Later continental accounts


Among the oldest texts to mention the name Lodbrok is the Norman history of William of Jumièges from c. 1070. According to William, the Danish kings of old had the custom to expel the younger sons from the kingdom to have them out of the way. It was during the time this practice was in fashion that King Lodbrok succeeded his unnamed father on the Danish throne. After gaining power he honoured the said custom and ordered his junior son Björn Ironside to leave his realm. Björn thus left Denmark with a considerable fleet and started to ravage in West Francia and later the Mediterranean.[44] Roughly contemporary with William is Adam of Bremen whose history of the Archbishopric of Hamburg-Bremen contains many traditions about Viking Age Scandinavia. In a passage referring to the Viking raids of the late 9th century, he mentions the Danish or Norse pirates Horich, Orwig, Gotafrid, Rudolf and Inguar (Ivar). This Ivar is in particular seen as a cruel persecutor of Christians, and a son of Lodbrok (Inguar, filius Lodparchi).[45]

Anglo-Saxon and Irish accounts of the father of Ivar and Halfdan


According to the contemporary Anglo-Saxon Chronicle and Asser's Life of Alfred, in 878 the "brother of Hingwar and Healfden", with a naval fleet, a contingent of the Great Heathen Army invaded Devon in England and fought the Battle of Cynwit. There the Vikings lost, their king slain and many dead, with few escaping to their ships. After the battle the Saxons took great plunder, and among other things the banner called "Raven".[46] The early 12th century Annals of St Neots further state that "they say that the three sisters of Hingwar and Hubba, daughters of Lodebroch (Lodbrok), wove that flag and got it ready in one day. They say, moreover, that in every battle, wherever the flag went before them, if they were to gain the victory a live crow would appear flying on the middle of the flag; but if they were doomed to be defeated it would hang down motionless, and this was often proved to be so."[47] This is among the earlier references to the legendary hero Ragnar Lodbrok.

The Irish Cogad Gáedel re Gallaib from the 12th century, with information deriving from earlier annals, mentions king Halfdan (d. 877) under the name "mac Ragnaill".[48] The form Ragnall may refer to either Ragnvald or Ragnar, and the entry is a strong indication that the name of Ivar's and Halfdan's father was really Ragnar or a similar name.[49] The early 11th century Three Fragments contains a passage that gives a semi-legendary background to the capture of York by the Vikings in 866. The two younger sons of Halfdan, King of Lochlann, expelled the eldest son Ragnall who sailed to the Orkney islands with his three sons and settled there. Two of the sons later raided the English and Franks, proceeding to plunder in the Mediterranean. One of them learnt from a vision that Ragnall had fought a battle where the third son had been slain and in which he himself had most likely perished. The two Viking sons then returned home with a lot of dark-skinned captives.[50] It has been hypothesized that this is an Irish version of Ragnar Lodbrok's saga, the Mediterranean expedition being a historical event taking place in 859-61.[51]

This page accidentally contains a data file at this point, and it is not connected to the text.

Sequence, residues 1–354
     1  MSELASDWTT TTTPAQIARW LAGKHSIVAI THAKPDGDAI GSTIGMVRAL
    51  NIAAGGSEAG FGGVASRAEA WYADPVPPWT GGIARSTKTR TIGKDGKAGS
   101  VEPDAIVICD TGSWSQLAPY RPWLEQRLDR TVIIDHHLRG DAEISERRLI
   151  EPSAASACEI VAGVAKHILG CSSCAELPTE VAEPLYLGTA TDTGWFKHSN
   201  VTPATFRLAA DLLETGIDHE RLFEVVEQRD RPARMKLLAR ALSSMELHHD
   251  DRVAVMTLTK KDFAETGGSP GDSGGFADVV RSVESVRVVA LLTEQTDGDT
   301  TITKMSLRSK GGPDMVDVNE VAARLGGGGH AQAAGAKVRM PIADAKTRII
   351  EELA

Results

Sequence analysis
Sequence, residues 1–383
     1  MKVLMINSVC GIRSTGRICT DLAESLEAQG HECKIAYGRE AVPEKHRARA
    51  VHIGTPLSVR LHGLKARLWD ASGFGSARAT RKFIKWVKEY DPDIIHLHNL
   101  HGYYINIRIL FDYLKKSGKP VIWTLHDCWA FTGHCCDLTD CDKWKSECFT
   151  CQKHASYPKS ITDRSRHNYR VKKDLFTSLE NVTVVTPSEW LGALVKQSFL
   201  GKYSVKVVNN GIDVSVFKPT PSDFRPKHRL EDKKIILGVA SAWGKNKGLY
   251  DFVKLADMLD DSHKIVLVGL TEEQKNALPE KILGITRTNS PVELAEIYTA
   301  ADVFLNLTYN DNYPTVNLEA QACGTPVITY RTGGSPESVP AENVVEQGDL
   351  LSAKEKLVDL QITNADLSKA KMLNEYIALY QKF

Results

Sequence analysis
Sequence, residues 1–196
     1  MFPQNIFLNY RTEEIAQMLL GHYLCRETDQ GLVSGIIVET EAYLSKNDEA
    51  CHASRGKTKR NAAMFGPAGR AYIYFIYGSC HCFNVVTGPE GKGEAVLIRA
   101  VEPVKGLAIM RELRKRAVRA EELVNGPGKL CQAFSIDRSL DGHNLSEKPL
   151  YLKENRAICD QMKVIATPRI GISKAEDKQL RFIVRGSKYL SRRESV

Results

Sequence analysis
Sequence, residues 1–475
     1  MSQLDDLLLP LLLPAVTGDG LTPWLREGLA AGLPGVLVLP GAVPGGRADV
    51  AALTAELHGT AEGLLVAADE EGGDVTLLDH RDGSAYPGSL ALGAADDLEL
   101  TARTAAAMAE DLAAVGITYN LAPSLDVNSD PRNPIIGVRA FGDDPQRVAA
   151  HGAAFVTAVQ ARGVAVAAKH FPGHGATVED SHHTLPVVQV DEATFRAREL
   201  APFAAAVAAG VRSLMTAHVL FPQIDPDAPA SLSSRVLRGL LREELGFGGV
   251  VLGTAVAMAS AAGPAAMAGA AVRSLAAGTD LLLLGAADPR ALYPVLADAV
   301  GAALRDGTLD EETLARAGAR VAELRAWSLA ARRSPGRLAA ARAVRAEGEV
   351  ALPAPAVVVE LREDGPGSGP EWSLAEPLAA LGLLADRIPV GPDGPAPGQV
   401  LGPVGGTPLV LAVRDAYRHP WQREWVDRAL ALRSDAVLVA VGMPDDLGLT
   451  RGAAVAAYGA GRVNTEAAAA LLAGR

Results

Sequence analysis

Ragnar's sons

The saga as published by Norstedts in a large-size illustrated version (1880).

The Great Heathen Army is said to have been led by the sons of Ragnar Lodbrok, to wreak revenge against King Ælla of Northumbria who had previously executed Ragnar by casting him into a pit full of venomous snakes.[52] Among the organizers were at least some of the brothers: Ivar the Boneless, Ubba, Halfdan, Björn Ironside, Hvitserk, and Sigurd Snake-in-the-Eye, all of whom are known as historical figures, save the slightly more dubious Hvitserk.[53] Ivar the Boneless was the leader of the Great Heathen Army from 865 to 870, but he disappears from English historical accounts after 870.[54] The Anglo-Saxon chronicler Æthelweard records Ivar's death as 870.[55] Halfdan Ragnarsson became the leader of the Great Heathen Army in about 870 and he led it in an invasion of Wessex.[56] A great number of Viking warriors arrived from Scandinavia, as part of the Great Summer Army, led by King Bagsecg of Denmark, bolstering the ranks of Halfdan's army.[57]